Hydroxychloroquine (Plaquenil) was approved by the FDA in 1955 for treatment of malaria, and is structurally related to the other antimalarial chloroquine. However, hydroxychloroquine and chloroquine have some different uses in treating systemic and dermatologic conditions. Hydroxychloroquine is taken orally, and rapidly absorbed and metabolized by the liver. It is highly tissue bound and concentrates in melanin-rich pigments like the retina. It is excreted unchanged in the urine, and has a half-life of 45 days.
Mechanism: Hydroxychloroquine is thought to improve symptoms of systemic diseases by preventing inflammation. For example, to treat both rheumatoid arthritis and systemic lupus erythematosus (SLE), it has been hypothesized that the drug suppresses T-lymphocytes by increasing the pH inside lysosomes, which disables leukocyte chemotaxis. This prevents leukocytes from being activated which decrease the inflammation seen in many systemic diseases. Furthermore, some studies suggest that the drug decreases toll like receptors, thus inhibiting antigen processing and the impending inflammatory cascade. Hydroxychloroquine also inhibits rheumatoid factor and acute phase reactants in rheumatoid arthritis. For treatment of malaria, hydroxychloroquine inhibits parasites from utilizing hemoglobin in red blood cells. The drug works against the species Plasmodium vivax, P. malariae, P. ovale, and some strains of P. falciparum.
Uses: In addition to treating malaria, hydroxychloroquine is used for the following systemic conditions and dermatological conditions:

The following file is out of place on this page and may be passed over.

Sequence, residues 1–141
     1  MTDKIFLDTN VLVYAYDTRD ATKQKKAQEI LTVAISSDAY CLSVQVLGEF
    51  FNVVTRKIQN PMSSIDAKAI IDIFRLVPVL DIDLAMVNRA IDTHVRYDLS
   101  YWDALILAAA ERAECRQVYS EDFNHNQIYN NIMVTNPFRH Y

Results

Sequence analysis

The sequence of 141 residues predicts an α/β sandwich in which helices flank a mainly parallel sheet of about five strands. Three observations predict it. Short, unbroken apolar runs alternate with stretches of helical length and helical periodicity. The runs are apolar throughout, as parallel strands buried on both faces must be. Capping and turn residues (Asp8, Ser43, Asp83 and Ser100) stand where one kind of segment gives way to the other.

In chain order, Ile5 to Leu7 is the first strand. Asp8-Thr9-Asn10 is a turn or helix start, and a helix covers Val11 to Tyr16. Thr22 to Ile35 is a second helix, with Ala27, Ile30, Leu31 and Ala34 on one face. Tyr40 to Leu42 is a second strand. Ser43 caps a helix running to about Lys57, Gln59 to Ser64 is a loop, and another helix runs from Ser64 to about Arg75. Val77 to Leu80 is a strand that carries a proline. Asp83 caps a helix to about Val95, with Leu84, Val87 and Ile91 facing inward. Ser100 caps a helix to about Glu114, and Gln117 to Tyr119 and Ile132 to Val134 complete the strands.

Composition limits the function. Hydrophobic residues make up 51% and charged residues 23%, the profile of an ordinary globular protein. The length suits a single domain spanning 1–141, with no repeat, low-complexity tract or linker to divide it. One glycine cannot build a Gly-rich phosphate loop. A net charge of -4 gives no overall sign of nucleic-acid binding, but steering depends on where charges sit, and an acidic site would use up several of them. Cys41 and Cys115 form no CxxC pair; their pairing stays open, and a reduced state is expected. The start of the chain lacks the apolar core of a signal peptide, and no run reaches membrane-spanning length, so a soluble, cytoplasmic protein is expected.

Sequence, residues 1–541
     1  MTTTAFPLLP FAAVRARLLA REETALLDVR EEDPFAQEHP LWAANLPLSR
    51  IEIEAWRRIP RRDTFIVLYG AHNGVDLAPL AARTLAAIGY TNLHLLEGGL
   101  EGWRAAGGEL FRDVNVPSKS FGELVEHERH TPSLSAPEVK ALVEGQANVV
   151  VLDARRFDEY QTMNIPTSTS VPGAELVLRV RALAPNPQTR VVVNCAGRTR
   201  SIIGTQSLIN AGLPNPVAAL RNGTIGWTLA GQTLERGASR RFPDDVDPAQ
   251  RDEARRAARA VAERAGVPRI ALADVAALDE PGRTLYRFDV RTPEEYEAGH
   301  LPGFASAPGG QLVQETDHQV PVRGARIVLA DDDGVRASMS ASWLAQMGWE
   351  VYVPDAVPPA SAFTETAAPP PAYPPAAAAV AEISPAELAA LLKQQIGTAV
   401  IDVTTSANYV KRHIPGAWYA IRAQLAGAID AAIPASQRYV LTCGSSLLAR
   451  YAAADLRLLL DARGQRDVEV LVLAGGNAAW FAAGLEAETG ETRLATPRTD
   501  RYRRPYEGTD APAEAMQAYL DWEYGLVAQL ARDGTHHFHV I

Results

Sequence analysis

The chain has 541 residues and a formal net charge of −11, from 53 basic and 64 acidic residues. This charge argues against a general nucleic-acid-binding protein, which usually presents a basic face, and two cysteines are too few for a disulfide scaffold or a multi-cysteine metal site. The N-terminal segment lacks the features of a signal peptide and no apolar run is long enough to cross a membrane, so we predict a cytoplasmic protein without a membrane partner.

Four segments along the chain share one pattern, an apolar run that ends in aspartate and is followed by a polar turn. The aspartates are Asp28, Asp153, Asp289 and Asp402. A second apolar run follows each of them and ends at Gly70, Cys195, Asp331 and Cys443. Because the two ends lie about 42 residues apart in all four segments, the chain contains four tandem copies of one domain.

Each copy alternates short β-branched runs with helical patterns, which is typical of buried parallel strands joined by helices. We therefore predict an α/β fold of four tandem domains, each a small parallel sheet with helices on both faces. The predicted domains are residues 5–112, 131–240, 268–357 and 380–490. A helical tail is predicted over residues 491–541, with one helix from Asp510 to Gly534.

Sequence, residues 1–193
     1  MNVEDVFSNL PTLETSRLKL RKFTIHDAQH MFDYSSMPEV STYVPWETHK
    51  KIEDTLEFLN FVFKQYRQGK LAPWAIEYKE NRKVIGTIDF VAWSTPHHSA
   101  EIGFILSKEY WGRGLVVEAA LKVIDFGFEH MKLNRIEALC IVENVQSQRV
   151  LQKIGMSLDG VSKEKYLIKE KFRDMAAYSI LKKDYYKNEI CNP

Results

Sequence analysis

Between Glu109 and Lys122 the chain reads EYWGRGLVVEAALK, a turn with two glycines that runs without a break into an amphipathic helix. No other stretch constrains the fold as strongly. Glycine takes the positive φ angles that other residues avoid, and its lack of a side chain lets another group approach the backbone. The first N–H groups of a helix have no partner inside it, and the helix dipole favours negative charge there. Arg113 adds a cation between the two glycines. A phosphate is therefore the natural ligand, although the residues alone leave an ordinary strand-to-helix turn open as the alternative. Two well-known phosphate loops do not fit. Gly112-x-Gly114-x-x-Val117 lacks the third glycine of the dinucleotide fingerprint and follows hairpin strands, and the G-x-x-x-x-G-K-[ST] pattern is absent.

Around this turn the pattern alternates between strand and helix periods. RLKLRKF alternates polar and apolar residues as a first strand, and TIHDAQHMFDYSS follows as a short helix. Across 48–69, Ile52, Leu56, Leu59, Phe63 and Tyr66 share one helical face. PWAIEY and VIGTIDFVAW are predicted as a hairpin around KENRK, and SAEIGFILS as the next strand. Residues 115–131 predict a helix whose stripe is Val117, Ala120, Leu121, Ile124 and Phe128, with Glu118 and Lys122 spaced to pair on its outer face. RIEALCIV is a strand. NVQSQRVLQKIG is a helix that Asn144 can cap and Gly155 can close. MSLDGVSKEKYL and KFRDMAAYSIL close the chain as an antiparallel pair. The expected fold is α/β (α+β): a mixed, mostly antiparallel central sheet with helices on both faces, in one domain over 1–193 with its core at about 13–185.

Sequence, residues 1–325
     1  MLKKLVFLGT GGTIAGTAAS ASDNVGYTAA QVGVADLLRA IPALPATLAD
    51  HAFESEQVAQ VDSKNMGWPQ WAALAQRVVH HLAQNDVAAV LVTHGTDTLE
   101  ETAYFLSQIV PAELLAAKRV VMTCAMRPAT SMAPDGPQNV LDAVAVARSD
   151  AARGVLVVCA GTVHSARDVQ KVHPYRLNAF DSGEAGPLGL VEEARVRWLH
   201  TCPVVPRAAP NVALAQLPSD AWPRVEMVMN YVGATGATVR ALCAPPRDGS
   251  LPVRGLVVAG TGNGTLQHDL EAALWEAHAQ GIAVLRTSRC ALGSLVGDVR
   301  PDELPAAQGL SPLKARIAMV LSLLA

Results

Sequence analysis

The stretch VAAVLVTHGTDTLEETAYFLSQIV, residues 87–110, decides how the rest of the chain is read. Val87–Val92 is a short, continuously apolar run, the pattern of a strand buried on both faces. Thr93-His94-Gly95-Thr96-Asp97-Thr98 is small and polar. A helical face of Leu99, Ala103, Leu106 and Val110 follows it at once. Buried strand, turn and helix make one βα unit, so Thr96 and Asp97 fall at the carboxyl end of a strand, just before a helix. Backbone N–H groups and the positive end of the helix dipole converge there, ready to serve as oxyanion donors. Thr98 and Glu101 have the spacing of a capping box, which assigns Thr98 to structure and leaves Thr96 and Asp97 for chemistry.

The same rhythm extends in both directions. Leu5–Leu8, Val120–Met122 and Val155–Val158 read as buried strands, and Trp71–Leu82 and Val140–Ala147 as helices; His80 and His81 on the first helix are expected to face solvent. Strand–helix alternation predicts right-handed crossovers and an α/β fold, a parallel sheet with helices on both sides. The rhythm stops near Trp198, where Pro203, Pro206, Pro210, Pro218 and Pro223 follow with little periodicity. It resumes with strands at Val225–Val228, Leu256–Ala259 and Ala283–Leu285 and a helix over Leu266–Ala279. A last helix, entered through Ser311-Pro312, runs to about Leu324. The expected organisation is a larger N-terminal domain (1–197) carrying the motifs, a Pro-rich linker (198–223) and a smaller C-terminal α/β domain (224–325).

Treatment of SLE with hydroxychloroquine is recommended for the whole course of the disease. It has been shown to prevent flares and also increases long-term survival. There is moderate evidence that it prevents irreversible organ damage, loss of bone mass, thrombosis, and hair loss. In rheumatoid arthritis, hydroxychloroquine is known as a DMARD, or disease modifying antirhuematic drug. The drug improves joint mobility, decreases swelling and tenderness, but symptom improvement can take up to 6 months. Those with Sjögren’s syndrome have benefited from the drug with decreased arthralgia, myalgia, lymphadenopathy, and skin manifestations. For prevention and treatment of malaria, it is suggested to take hydroxychloroquine 1-2 weeks before traveling and 8 weeks after returning.
Side Affects: Some common side affects include headache, visual changes, dizziness, and gastrointestinal symptoms such as loss of appetite, diarrhea, stomach pain, and vomiting. Others include skin rashes and neuromyopathy. Some less common side affects include anemia, leukopenia, and thrombocytopenia due hydroxychloroquine’s effect on bone marrow, seizures, angioedema, bronchospasm, exfoliative dermatitis, Steven Johnson Syndrome, and psoriasis exacerbations. A more serious side affect is retinal toxicity since the drug accumulates in the retina. Less toxicity has been shown in comparison to chloroquine, but it is still recommended that patients on hydroxychloroquine see an ophthalmologist yearly. Drug-drug interactions can occur because hydroxychloroquine can slow the metabolism of penecillamine and propafenone. Patients with G6PD deficiency, liver, or renal damage should use caution with this drug, as well as those taking digoxin, acetaminophen (to avoid liver damage), and injections of botulinum toxin, which can have decreased efficacy if taken with hydroxychloroquine. For pregnant patients, it is recommended to continue use for those patients with SLE, as it leads to less flare-ups and has not been shown to be teratogenic in some trials. However, it is a pregnancy category class C drug, and patients should discuss all medications with their doctor during pregnancy.
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